I was reading a very interesting chapter in my Protein Power book about current research into the effects of good and bad eicosanoids (which our bodies manufacture). Good ones act as vasodilators & immune enhancers, they decrease inflammation and pain, increase oxygen flow and endurance, dilate airways, and decrease cellular proliferation(yes, cancer). Bad eicosanoids accomplish the opposite(note---they increase pain and inflammation). My book says that excess insulin from a high carbohydrate diet (and too much arachidonic acid if I am sensitive to egg yolks and red meat)cause the body to produce too many bad eicosanoids. Proteins help promote good eicosanoids. This is not some crackpot theory---the 1982 Nobel Prize was awarded for research in eicosinoids.
If you are sensitive to the AA, you can increase your egg whites and cut down your egg yolks in omelets and such and for the red meat, you can eat other meats or even just buying very lean cuts and trimming off all excess fat(the AA is mostly in the fat). Another thing they said you can do is take fish oil(omega 3 fatty acid) as it helps offset the AA.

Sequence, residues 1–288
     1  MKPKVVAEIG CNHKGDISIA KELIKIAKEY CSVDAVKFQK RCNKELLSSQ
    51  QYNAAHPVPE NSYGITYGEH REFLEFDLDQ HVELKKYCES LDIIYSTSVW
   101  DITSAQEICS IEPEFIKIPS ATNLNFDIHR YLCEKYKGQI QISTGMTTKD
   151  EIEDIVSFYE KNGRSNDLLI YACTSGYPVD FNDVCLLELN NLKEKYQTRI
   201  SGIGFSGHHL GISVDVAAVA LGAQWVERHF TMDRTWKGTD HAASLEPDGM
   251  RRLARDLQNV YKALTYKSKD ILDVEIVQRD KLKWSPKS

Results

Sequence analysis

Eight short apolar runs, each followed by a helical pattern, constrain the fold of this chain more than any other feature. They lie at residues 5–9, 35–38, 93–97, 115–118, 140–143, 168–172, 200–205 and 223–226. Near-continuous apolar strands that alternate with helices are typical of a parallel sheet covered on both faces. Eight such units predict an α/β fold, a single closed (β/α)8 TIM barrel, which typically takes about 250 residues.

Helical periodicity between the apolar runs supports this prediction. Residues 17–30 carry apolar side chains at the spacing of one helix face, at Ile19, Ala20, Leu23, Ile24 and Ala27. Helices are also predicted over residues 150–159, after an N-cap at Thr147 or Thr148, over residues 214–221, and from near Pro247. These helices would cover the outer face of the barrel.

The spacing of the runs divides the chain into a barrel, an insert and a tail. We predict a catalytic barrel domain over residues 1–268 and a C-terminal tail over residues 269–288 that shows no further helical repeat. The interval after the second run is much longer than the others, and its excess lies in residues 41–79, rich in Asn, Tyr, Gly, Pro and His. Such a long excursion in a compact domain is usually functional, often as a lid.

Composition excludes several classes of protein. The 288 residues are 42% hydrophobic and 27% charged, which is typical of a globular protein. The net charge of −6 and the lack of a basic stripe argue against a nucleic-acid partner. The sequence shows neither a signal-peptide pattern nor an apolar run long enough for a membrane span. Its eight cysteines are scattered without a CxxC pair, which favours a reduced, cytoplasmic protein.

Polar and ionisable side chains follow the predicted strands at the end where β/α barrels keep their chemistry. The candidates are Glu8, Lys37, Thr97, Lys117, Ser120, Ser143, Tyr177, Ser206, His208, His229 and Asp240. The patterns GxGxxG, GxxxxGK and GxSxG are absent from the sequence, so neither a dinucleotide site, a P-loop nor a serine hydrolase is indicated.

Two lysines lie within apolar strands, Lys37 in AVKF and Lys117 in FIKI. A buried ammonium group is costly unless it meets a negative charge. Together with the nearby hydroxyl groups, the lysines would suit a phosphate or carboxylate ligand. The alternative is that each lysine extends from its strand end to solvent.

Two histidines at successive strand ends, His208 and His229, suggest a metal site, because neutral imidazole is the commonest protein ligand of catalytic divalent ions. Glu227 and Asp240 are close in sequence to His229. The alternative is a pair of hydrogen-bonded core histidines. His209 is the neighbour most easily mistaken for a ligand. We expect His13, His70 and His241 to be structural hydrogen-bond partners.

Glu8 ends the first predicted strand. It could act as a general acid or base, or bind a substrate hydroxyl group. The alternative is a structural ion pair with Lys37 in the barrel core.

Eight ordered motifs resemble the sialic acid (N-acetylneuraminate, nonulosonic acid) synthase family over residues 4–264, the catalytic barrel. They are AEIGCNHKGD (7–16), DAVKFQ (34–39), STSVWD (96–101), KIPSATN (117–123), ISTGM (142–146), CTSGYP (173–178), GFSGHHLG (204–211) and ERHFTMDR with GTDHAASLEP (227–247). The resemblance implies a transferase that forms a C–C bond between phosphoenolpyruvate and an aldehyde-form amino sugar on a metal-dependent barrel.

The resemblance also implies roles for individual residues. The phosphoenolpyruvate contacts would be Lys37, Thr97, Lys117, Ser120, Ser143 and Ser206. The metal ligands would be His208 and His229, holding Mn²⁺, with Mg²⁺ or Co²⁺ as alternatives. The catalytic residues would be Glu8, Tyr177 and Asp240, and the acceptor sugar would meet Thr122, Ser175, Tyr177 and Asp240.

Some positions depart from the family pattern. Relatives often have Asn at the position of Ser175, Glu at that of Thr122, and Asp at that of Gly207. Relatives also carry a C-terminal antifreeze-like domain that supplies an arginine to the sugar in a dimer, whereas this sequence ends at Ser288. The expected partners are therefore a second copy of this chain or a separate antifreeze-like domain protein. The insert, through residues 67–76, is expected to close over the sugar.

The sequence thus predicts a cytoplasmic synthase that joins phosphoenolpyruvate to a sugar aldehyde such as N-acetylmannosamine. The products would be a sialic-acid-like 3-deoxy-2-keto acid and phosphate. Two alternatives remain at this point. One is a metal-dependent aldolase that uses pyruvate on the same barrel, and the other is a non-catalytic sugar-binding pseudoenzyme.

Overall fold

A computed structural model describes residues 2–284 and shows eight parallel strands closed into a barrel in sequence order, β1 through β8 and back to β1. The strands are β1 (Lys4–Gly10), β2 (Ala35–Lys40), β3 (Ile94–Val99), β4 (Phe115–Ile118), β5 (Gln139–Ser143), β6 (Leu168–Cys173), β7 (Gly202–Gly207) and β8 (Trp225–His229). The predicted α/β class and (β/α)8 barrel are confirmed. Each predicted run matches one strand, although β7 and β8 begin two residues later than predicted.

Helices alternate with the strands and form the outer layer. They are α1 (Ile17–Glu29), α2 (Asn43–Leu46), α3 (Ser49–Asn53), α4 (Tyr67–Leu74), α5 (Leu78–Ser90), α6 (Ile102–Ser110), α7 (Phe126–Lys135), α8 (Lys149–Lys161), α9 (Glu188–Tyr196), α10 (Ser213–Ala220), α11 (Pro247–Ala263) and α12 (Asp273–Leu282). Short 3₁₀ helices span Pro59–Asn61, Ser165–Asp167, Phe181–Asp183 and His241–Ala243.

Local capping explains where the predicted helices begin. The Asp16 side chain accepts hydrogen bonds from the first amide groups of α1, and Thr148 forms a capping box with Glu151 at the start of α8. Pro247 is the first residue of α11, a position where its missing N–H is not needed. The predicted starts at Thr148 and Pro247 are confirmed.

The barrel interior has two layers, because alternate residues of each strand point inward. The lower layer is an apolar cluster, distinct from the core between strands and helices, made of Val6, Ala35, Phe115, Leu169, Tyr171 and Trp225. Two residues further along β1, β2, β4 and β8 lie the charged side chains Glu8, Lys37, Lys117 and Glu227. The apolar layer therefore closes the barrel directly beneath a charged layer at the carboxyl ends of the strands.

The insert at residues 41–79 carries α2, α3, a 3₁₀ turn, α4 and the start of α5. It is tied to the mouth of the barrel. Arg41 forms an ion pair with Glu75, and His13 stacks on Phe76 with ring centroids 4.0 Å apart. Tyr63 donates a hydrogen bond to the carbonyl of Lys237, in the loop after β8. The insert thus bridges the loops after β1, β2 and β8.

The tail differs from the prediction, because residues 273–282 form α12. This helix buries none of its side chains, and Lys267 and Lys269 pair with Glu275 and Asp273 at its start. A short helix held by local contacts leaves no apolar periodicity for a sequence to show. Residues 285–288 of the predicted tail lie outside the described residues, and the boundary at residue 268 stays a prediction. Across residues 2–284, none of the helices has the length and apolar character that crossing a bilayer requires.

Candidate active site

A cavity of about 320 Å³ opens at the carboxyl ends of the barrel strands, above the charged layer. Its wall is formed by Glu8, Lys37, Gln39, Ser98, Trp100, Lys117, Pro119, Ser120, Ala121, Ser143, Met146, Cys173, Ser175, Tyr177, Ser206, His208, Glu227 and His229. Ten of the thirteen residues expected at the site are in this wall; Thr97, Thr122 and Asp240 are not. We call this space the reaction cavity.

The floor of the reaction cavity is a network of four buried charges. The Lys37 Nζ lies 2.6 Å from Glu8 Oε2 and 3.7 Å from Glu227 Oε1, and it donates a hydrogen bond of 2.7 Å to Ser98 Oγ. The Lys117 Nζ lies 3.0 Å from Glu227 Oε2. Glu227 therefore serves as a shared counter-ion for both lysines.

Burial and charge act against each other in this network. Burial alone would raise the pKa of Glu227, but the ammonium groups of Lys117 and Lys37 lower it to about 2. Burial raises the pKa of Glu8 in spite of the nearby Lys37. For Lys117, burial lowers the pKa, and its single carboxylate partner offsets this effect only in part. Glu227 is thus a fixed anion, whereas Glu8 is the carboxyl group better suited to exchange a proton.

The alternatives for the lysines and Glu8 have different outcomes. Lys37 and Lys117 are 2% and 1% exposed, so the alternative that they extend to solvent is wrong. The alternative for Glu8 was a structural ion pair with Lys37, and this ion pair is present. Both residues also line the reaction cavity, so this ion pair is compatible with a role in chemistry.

This is really too complicated to go into here but it may be of interest because it may give us a clue into why so many of us have had a lot of pain relief on this low-carb diet. Not only pain relief, but the mosquitos don't bite me(no sugar--my blood must not taste very good anymore)and for the first time in 20 years I have had NO HAY FEVER this summer(and I just mowed and baled our 40 acres of hay by myself!!!)
In case you are interested. My book is called Protein Power by Drs. Michael and Mary Dan Eades, M.D. It is a diet VERY similar to Atkins and is actually the one I am doing. It advocates a slightly higher 30g carb level(including a bit of low-carb fruits) and suggests an amount of protein needed to maintain your calculated lean body mass(you can eat more if you are still hungry). I kind of do a combination of the two diets---less carbs, a bit more protein but I do eat a few berries on occassion. It is a VERY informative book. The chapter I discuss above is Chapter 12---The Microhormone Messengers.